09 Mar

Hello Heart to Heart Community:

Great news! We now offer drumming circles for both family and group therapy.

The Healing Power of Drumming

The art of drumming has a long history.  Many cultures have meaningful rituals, dancing, storytelling, and a sense of community centered around drums.  For centuries, people around the world have been using drums to make music.  Additionally, drums are utilized to communicate a wide range of information.  They are used during joyous celebrations but they can also serve as a warning that signals danger.  Drums help people express emotions like excitement, anticipation, pain, grief, and many more.  Drumming experiences may be elaborate with fancy drums, costumes, and large groups of people.  Drumming can also be simple with someone tapping a spoon on a pan inside a kitchen for an audience of one.  In all these situations, drumming serves as a form of expression; the meaning associated with that expression can be especially powerful.

In recent years, researchers have studied the impact of drumming on the brain.  Research indicates that exposure to the regularity and rhythmical sounds produced by a drum activates several important areas of the brain.  The sound enters the auditory cortex and activates the cerebellum as well as the frontal cortex and limbic system.  The cerebellum is a part of the (lower) brain stem and is responsible for our ability to physically move.  The frontal cortex and limbic system are part of the (higher) forebrain which is responsible for establishing homeostasis (stability), regulating emotions, and conscious actions.  These areas of the brain are especially relevant to people that have been exposed to traumatic experiences.  In brief, when trauma happens, it can cause our bodies and brains to become dysregulated and disconnected.  Trauma can cause the limbic system to get stuck in the on position and become overactive which hijacks emotions.  Trauma also can get stuck in our brain stem which leads to physical and somatic (bodily) concerns.  Additionally, the brain stem and forebrain can have difficulties communicating effectively due to the “stuck” trauma.  This can be why words to describe trauma experiences are often elusive.  Trauma interfering with the parts of the brain and the ability to communicate is also why someone with a history of trauma may say something like “I don’t know why I acted out [when triggered], it was like my body just took over.”  While it can be incredibly frustrating to have the brain not communicating within itself like it is supposed to, the good news is that research points to drumming as an effective therapy tool for healing trauma and restoring the brain and body.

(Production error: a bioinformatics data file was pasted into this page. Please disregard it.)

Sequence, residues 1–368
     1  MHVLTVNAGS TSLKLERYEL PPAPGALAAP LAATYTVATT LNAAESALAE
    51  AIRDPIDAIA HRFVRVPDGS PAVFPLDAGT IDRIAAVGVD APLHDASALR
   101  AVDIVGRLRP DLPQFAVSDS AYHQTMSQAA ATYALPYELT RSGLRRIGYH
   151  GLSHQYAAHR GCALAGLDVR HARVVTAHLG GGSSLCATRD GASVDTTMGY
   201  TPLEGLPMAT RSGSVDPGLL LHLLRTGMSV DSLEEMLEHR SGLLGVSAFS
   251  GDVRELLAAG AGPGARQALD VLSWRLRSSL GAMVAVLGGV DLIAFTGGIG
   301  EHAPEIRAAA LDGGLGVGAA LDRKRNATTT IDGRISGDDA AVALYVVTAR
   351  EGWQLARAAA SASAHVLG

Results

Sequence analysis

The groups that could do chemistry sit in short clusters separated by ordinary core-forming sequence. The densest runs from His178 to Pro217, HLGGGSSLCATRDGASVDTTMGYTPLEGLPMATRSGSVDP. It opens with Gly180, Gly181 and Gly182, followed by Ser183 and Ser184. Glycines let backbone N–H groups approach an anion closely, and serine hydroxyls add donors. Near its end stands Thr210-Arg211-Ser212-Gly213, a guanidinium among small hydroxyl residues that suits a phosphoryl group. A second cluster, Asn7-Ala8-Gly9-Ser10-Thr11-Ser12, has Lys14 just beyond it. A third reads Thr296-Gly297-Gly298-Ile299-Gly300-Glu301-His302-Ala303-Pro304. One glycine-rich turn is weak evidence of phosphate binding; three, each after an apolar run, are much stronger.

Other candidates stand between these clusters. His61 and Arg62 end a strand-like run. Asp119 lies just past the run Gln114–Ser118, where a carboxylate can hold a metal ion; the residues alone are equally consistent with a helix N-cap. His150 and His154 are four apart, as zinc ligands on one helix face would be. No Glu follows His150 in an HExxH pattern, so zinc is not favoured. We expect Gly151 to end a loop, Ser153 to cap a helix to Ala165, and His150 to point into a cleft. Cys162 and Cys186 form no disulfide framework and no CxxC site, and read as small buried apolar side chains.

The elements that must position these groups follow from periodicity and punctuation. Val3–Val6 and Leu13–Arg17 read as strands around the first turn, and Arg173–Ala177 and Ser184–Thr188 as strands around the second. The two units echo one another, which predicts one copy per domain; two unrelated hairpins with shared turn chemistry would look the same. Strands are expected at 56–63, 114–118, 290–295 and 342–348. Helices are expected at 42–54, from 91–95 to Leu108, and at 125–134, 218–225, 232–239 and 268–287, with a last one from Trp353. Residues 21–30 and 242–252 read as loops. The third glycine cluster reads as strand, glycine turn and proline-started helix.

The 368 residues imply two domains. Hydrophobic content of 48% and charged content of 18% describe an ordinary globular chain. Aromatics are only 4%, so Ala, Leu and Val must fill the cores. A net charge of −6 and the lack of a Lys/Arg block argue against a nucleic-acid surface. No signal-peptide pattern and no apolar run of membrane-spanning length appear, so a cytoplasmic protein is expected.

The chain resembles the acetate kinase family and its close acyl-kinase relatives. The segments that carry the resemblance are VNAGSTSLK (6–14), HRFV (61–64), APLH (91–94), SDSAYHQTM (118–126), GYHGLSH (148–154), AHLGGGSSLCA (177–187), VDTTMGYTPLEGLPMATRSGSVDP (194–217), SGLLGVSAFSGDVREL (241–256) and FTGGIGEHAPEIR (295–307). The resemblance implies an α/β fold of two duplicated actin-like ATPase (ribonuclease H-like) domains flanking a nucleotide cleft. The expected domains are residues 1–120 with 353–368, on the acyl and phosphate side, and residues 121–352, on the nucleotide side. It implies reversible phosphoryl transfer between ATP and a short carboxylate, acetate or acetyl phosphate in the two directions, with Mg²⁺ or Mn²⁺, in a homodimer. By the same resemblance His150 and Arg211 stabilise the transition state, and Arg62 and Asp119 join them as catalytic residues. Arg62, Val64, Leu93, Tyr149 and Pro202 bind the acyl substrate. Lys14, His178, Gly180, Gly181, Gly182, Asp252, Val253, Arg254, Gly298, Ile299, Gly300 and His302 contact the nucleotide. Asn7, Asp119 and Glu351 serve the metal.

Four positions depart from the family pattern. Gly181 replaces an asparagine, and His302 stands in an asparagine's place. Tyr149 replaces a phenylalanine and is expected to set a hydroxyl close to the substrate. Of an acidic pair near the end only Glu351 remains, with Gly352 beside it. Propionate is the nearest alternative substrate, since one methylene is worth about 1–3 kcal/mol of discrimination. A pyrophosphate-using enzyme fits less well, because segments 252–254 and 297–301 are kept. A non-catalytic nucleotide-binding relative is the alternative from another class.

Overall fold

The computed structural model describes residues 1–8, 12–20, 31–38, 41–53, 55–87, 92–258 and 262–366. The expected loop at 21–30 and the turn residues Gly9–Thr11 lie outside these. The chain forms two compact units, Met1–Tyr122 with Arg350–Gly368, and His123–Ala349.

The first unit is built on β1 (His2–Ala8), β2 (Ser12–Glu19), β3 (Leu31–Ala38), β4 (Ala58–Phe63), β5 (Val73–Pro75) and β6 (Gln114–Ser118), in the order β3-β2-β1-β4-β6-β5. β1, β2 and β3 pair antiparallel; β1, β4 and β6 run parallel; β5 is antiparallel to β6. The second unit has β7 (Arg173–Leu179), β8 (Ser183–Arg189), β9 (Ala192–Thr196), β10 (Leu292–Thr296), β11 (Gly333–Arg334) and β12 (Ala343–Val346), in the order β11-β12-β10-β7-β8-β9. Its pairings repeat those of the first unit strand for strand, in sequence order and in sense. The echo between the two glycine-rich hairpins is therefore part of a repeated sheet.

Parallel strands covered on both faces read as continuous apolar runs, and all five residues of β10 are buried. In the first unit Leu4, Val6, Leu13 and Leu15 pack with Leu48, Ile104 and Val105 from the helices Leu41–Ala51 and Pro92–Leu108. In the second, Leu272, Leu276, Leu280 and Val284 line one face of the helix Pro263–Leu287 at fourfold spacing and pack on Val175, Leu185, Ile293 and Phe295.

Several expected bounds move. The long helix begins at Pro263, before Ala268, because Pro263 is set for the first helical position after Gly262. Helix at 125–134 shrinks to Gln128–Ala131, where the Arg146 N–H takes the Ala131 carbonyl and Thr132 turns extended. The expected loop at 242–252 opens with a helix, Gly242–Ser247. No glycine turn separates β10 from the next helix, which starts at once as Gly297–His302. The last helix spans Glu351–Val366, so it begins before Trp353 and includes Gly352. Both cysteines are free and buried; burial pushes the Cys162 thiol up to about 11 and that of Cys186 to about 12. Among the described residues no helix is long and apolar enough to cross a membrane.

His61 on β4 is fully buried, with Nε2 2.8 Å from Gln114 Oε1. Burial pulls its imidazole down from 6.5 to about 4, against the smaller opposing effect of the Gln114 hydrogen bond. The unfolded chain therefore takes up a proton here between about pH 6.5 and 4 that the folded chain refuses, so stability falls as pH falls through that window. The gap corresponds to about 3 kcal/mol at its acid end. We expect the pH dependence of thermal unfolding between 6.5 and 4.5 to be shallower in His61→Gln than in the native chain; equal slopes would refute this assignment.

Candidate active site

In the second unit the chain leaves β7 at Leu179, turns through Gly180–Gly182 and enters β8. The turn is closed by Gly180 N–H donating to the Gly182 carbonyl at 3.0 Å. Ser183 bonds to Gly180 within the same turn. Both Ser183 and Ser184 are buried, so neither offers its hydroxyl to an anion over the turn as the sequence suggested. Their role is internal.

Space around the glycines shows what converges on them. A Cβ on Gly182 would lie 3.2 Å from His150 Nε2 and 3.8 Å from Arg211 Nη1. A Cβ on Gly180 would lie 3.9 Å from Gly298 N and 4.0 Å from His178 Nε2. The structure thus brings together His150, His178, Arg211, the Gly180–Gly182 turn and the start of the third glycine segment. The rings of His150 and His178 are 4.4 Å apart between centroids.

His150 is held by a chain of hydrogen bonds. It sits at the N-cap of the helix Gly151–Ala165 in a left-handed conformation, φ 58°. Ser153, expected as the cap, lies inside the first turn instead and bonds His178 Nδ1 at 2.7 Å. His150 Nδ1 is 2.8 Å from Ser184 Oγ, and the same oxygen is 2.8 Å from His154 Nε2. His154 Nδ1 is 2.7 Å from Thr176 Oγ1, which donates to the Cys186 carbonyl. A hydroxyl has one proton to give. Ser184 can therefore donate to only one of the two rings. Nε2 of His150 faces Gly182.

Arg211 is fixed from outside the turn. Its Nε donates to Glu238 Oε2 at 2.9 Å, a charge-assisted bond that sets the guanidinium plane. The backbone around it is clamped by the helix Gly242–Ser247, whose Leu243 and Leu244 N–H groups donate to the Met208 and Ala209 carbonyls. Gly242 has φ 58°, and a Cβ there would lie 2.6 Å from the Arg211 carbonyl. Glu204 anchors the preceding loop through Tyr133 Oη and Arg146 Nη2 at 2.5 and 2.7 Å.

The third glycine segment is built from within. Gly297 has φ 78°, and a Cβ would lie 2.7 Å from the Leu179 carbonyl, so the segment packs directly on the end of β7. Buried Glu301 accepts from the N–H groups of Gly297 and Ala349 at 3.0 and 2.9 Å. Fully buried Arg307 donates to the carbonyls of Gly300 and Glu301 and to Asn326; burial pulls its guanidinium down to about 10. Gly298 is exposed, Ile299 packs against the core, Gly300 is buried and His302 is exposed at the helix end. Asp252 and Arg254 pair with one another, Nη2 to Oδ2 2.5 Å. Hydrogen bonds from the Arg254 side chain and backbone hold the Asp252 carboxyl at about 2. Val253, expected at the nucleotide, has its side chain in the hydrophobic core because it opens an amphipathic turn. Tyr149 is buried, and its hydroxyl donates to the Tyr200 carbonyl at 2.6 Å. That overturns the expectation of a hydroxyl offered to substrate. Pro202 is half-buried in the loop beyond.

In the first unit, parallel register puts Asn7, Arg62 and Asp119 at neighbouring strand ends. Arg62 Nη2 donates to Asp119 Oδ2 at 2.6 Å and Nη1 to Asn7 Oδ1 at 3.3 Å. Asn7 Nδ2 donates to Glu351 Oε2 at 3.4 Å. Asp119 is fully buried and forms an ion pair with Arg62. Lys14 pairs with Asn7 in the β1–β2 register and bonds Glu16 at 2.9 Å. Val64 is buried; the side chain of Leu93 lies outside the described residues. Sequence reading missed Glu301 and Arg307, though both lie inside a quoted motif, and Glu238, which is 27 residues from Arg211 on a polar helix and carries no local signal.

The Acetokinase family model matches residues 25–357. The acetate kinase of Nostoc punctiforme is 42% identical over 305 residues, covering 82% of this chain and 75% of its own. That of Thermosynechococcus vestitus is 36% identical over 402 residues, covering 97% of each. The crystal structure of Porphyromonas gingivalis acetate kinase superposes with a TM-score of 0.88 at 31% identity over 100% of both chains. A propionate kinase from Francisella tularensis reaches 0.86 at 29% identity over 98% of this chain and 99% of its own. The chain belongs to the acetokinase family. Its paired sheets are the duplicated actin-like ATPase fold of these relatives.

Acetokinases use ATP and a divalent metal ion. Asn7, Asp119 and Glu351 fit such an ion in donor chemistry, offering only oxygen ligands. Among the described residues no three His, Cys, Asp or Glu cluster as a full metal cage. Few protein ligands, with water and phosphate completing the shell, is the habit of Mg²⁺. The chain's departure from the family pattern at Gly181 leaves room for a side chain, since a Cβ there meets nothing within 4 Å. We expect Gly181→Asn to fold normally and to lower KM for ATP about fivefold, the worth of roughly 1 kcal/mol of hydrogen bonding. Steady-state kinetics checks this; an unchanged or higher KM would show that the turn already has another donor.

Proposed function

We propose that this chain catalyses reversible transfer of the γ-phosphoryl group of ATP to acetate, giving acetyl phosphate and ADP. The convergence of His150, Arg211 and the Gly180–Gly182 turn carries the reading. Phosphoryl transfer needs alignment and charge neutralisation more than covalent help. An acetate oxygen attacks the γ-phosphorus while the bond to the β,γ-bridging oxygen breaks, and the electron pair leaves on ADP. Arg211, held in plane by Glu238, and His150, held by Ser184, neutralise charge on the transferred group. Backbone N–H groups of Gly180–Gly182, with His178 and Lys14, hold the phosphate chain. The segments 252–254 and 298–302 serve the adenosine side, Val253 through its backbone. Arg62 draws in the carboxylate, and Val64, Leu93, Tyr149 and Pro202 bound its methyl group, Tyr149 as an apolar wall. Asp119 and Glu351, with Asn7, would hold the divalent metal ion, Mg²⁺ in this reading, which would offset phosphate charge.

Drumming in therapy has the capacity to activate and integrate critical areas of the brain.  The physical movement of the drumming activates the cerebellum in the brain stem.  The rhythmic beats and range of loudness help develop self-efficacy and feelings of safety and control (in the forebrain areas) when individuals master rhythms.  Drumming also creates bilateral stimulation of the brain which can slow the heart rate, regulate breathing, and establish feelings of calm and stability.  Drumming in therapy offers an environment that allows the brain to activate, re-establish healthy connections, and form new neural pathways. 

Drumming can be beneficial for all ages during individual therapy as well as in group therapy.  Researchers examining drumming in therapy have also found that individuals reported increased levels of social connection and feelings of belonging.  This is noteworthy because people with trauma often become isolated and relationally disconnected following traumatic events.  As a result, drumming not only helps heal our brains, but it can help heal relationships in our hearts.  Research about the positive impact of drumming on the brain appears to confirm what humankind has demonstrated all along – drumming is powerful.

Join the beat - ask our Heart to Heart team about how drumming can enhance your therapy experience. 

~Tasha Lehner MA

Reference - Using Neuroscience in Trauma Therapy: Creative and Compassionate Counseling by Julie A. Uhernik

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